Microsoft, IBM and Google are refining image recognition capabilities that allow mobile phones to “recognize” their location by matching the “fingerprint” of image(s) viewed through the image sensor (camera phone) against those of images in a geotagged image database. Blaise Agüera y Arcas of Microsoft has given several presentations recently (TED, Where 2.0) demonstrating how images can be “stitched together” using Photosynth – the resulting representations are stunning. In addition, digital image processing solutions for mobile devices from companies such as Realeyes3D and imsense are reducing noise, correcting for bad pixels and improving image quality, which in turn enhances the accuracy of image recognition.

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  2. Galileo Navigation system (the alternative to GPS currently being built by the EU) will offer resolution of <10cm (<4inches)

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  3. [...] What's More Accurate Than GPS? Photographs [...]

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  4. This sounds really interesting…I have struggled hard to read GPS route maps and my engineer friends have always put this moniker on me: “only a kid in tech-world”…

    Photographs sound great when it comes to locating places…I am eager to see how this technology evolves.

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  5. [...] What's More Accurate Than GPS? Photographs [...]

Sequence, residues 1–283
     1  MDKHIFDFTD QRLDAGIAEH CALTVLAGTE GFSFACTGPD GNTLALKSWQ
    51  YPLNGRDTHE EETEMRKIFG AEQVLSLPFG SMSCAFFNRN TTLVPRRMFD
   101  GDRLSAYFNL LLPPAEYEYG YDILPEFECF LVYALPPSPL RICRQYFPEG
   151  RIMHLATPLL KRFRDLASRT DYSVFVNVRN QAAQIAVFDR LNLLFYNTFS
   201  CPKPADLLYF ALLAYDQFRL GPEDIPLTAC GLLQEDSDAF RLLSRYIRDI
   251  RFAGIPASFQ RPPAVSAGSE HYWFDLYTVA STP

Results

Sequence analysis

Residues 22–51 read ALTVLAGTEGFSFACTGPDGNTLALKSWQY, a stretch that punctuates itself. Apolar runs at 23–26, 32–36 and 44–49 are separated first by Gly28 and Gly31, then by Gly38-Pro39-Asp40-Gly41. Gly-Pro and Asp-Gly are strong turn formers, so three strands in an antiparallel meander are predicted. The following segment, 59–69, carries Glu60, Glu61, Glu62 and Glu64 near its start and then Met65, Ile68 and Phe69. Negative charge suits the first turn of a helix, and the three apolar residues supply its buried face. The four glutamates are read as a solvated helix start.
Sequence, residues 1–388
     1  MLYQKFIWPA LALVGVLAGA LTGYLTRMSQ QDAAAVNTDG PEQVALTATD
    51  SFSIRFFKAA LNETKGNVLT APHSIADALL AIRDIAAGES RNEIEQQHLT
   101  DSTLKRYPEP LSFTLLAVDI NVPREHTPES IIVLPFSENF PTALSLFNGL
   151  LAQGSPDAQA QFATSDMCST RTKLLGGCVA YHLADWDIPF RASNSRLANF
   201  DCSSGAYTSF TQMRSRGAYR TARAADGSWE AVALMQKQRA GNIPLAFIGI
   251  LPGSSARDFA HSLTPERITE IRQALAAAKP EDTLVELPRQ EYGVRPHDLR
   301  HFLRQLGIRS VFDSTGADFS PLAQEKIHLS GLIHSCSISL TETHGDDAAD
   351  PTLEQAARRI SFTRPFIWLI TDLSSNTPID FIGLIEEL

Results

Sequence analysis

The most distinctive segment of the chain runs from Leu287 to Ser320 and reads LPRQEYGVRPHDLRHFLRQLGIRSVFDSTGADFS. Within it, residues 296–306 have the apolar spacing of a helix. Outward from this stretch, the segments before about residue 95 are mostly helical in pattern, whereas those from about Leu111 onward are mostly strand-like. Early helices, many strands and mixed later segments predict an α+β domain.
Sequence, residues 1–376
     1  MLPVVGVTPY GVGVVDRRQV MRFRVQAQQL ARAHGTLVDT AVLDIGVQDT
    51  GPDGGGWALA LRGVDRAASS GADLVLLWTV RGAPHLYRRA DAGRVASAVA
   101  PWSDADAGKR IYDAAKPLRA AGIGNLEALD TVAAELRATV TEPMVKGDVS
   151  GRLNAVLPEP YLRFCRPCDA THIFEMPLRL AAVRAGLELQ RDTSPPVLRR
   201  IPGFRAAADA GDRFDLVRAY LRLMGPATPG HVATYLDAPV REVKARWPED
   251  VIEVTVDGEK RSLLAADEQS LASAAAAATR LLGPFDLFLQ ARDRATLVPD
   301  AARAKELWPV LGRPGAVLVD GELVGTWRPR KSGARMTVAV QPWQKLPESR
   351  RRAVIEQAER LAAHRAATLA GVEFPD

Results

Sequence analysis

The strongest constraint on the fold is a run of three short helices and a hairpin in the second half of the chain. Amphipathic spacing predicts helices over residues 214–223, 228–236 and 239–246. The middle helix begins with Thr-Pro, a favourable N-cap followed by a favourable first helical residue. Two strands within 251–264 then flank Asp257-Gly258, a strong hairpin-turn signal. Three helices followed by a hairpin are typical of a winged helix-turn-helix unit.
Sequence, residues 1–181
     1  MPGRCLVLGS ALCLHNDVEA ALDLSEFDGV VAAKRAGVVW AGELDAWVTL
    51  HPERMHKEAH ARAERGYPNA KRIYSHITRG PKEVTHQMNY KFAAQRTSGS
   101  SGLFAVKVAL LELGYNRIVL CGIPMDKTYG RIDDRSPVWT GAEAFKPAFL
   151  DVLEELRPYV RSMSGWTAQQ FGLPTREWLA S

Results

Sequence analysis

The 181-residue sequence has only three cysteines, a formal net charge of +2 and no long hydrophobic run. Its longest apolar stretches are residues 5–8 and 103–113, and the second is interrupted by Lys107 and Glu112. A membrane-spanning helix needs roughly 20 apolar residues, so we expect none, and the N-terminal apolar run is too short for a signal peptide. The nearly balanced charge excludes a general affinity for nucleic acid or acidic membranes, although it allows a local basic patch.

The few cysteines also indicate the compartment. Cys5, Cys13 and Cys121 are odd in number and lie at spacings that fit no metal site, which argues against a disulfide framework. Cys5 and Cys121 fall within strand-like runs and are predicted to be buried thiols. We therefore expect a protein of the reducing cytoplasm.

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  6. “Google Goggles is embarking on this very project, building a point cloud reference database using publicly available images like the ones from Flickr, said Liebhold,”

    Google has used lidar for years to ‘georeference’ their street view product with the background images. They use lidar units from Topcon. So, they already have the point cloud part in house. The ability to match user photographs precisely against their streetview image points to photo recognition on such a large scale that it makes facial recognition look like baby stuff.

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  7. You might also want to check out http://www.lookthatup.com -an iPhone app powered by image recognition technology from LTU Technologies. LTU recently opened up their API to developers so they can develop their own google goggles-like application.

    I just recently got an account with them and it seems really easy to integrate.

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  8. [...] recently interviewed futurist Michael Liebhold about the implications of Goggles, which he expects will be used to create a map of pictures of the [...]

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  9. [...] our recent GigaOM Pro Bunker Series session on location, Michael Liebhold of the Institute for the Future proposed that every place page be written in HTML 5, have an independent URI and freedom of [...]

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  10. [...] connection that sends location data to offer information, but one day may rely on a database of imagery and photos sent by the camera to get a more accurate sense of where people are. Sending photos, especially those taken with [...]